The best way into this topic is to look at the “laws” and “rules” of competitive array games, including RTS computer games. In all cooperative-competitive games, people come together in some manner and agree to abide by certain rules, more or less, for the sake of “fair competition”. As stated above, we should not forget that market economies show many characteristics of being “cooperative-competitive” games. Market dynamics are also time-dependent and could be modelled by calculating successive array states. Strictly speaking however, markets should never be modelled without the concomitant modelling of real economy and real world inputs and outputs. Ignoring real world laws, particularly physical and biological laws, will lead to highly distorted models.
    Cooperative Competitive Contests have Laws as well as Rules

    It is important to clarify definitions. It is standard to talk of the Laws of Rugby or the Laws of Chess. However, with proper definitions of “laws”, “rules” and “parameters”, the official guides governing the playing of such games should be called rules, as in the Rules of Rugby or the Rules of Chess. The legal laws and regulations of ownership and competition in extant socio-economic systems are also “rules” under this definition. Rules are made by humans and can be re-made otherwise.

    We need to reserve the word “Laws” for a more rigorous use. Rules are by nature arbitrary and can be changed, although perhaps not too extensively or the essential character of a game will eventually be changed. Rules set the parameters of games; the bounds and factors involved. Laws, however, describe invariable relationships. Even in a modelled system there are Laws which are surprisingly independent of rules, at least until changes to the rule set become so extensive that they change the entire character (the genre) of a game or competition. Laws, correctly derived, are unchallengeable. The use of the word “Laws” in this context is meant to imply the same rigour as is implied in the phrase the “Laws of Physics”.

    Complex RTS game system behaviour can be described by the discoverable Laws of RTS in the very same way that real world physical behaviour can be described by the discovered Laws of physics. At first glance, this might seem an untenable assertion. The physical universe is a real and objective “given” to science. It is pre-existent and its known Laws are the dependable and inviolable Laws we have so far discovered through scientific investigation and experiment. An RTS engine is a mathematically and algorithmically modelled system created by humans and presumably fully alterable at the will of the designers. It would seem to be an arbitrary system with rules only and ones which we can change at will. However, this is not the case. It still has Laws. We can change the rules and parameters of RTS in its virtual world but we cannot change its Laws.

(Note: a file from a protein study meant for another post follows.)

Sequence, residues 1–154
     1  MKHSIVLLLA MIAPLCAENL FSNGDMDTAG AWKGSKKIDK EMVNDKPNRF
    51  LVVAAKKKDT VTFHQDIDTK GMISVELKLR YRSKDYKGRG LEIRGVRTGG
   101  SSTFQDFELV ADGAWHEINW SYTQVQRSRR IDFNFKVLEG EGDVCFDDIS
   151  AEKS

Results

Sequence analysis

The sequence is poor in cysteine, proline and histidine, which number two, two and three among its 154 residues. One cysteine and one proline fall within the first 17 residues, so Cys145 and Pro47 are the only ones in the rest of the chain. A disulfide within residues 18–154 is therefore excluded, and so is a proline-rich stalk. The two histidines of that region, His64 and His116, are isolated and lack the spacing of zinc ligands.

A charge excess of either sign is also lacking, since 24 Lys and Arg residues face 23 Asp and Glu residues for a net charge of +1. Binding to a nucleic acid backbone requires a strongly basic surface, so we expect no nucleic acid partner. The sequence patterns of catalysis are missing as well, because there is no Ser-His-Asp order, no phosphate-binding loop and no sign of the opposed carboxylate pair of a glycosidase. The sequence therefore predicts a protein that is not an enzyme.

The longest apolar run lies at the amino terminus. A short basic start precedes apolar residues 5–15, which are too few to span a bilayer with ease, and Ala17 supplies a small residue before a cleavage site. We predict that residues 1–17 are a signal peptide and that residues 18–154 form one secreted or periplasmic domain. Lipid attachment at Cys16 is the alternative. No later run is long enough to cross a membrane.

A subtle difficulty arises at this point. Mathematically and algorithmically modelled virtual systems as formal systems internally demonstrate axiomatic behaviours. Yet where these axiomatic internal behaviours reflect real-world Laws, I will be terming these behaviours or relationships as “Laws” inside the modelled virtual system. The reason they are termed “Laws” is because they are congruent or isomorphic (referring to the correspondence theory of truth) with real world Laws (like some of the Laws of Physics). This congruence is enforced by the unavoidable requirement to make virtual models which are pragmatically recognisable and useable by humans (specifically by human brains and/or minds). Biological laws of perception and human internal cognition modelling support this statement of enforced necessity.